The facings were easy to sew on… I always seem to have trouble with that part, but this pattern worked on the first try! 🙂

Once everything had been put together and properly ironed, I decided to top-stitch all the edges: neckline and armholes. It helps to keep the facings inside and gives it a more casual look.

The capelet is short and flowing, with a turn-over collar. I chose not to line it, but I will fringe it. I am planning to use a 12 in. deep satin fringe trim on it to help it stay on my shoulders better as well as a small clasp from my Treasure Box of vintage buttons and clasps. It may slip off too easily otherwise. I haven’t bought the fringe yet. There are not many colours to choose from at my usual shop: white, red, black, navy or yellow. I am leaning towards the red. I like the punch!

Here are a few pictures of my version of Veronica, in this order: front dress, back dress, front with cape, back with cape. I will post new ones once the fringe is on the capelet.

        

East meets west as they Wrap into one.

Here is another example of the interesting historical patterns which can be found at the VPLL website, offered as part of the VPLL’s 1912 Sewing Project. This is a 1912 fringed lady’s wrap with deep scallops, almost like bat wings! As soon as I came across it, I knew what fabric I wanted to use! I had a remnant from a sari I bought last fall. I made a circle skirt with the body of the sari and kept the pallu: that’s the especially ornate, decorative and patterned end of the sari which is usually thrown over the left shoulder.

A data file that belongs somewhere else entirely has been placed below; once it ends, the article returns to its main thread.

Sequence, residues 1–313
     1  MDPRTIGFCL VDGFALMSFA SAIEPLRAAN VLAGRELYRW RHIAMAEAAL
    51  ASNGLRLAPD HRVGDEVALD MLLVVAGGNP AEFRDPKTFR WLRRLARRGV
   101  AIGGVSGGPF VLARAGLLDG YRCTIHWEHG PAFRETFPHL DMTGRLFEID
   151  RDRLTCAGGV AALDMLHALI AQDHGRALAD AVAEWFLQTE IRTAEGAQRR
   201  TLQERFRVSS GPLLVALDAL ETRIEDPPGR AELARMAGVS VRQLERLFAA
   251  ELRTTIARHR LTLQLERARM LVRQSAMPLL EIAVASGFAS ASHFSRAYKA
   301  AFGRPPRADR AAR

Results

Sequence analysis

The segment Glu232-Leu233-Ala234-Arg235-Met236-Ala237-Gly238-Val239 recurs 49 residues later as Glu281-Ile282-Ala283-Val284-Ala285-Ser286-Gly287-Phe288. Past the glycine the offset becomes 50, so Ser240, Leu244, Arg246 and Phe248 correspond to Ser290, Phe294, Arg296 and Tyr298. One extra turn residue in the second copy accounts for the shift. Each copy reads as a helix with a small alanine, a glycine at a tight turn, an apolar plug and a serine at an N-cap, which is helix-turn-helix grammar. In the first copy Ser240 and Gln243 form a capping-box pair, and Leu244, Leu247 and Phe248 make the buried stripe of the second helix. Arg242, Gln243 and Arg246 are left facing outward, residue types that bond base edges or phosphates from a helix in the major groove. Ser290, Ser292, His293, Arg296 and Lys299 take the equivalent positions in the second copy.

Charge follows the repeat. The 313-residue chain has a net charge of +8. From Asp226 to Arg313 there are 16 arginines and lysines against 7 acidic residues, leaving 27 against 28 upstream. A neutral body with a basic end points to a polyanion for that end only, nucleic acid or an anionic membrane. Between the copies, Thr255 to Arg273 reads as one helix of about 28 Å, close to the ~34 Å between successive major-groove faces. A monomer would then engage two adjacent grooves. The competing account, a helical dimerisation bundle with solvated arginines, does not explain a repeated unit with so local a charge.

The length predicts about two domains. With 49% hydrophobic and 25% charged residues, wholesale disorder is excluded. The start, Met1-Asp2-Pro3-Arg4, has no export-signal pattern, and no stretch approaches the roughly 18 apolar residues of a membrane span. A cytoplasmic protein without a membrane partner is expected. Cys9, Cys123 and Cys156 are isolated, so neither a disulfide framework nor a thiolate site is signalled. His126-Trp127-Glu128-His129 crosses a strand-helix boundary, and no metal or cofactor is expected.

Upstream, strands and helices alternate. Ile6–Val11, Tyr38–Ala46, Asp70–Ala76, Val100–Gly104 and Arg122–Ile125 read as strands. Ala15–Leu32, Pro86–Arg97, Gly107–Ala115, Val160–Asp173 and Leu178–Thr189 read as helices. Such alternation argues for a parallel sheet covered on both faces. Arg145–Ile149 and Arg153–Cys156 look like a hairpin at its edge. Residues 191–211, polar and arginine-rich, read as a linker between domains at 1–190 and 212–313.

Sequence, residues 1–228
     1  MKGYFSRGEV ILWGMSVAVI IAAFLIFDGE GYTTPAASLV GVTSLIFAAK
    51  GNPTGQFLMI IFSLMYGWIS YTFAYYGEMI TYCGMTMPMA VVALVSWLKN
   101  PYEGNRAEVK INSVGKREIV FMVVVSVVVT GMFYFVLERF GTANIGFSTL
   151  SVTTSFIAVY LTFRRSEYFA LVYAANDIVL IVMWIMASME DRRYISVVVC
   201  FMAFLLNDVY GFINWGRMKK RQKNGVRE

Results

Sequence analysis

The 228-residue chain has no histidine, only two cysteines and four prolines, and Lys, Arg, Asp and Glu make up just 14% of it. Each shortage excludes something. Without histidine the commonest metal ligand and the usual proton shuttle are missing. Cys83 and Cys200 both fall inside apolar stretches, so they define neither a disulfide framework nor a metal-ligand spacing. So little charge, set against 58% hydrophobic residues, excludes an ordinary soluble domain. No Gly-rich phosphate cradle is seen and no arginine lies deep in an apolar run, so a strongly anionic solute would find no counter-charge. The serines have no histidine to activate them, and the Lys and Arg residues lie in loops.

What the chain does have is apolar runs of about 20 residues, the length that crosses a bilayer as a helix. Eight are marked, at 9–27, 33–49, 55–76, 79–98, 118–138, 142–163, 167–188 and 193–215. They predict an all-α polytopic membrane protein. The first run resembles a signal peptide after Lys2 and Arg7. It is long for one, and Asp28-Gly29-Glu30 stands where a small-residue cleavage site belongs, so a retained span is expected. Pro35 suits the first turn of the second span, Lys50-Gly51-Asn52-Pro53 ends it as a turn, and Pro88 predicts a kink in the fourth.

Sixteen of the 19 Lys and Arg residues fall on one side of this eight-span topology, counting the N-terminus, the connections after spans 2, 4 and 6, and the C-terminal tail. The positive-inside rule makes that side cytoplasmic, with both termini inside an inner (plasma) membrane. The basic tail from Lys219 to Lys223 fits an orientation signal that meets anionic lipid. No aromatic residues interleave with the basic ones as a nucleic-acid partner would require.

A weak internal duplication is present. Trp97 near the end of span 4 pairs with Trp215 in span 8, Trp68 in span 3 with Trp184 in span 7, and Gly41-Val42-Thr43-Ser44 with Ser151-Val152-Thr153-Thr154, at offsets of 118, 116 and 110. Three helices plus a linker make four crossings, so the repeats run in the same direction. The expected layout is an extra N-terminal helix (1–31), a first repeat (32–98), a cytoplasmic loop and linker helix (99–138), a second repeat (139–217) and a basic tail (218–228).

I love saris. I was first introduced to them at about 8 years old, when my father befriended someone who worked with him at the CBC who was married to a lovely little Indian lady named Shakuntala. We often shared meals and eventually she gave my sister and me an old pure silk sari in shades of violet and black. It was printed with the perennial paisley design so dear to India. I still have it in my closet!

Anyway… my love affair with saris and most things Indian most assuredly started then.

As I digress nostalgically about saris, I mustn’t forget my present project.

The sari I bought last fall had bright colours: red, yellow and blue-green melding into each other and a Jacquard pattern woven into it which reminded my husband of fish scales. He thought it would be a good base for a Hallowe’en costume, as we had been invited to a party and I was still looking for a good costume to make. The blue-jade ran down the centre of the sari and as soon as he said that, I saw a siren’s tail… That will be the subject of another blog one day… So the sari was bought and quickly transformed into a skirt (see the second picture: that’s the circle skirt hanging to stretch before hemming it) which would become part of *Sedna*.

 

And there I go again! I was saying that I knew immediately upon seeing the pattern that I would use this remnant. The pallu is mostly red and yellow with dashes of blue-green and I was a little worried it wouldn’t be big enough to accommodate the wrap… but I was wrong. There was plenty! There was even enough to cut the tie linings but not enough to line the main body of the wrap.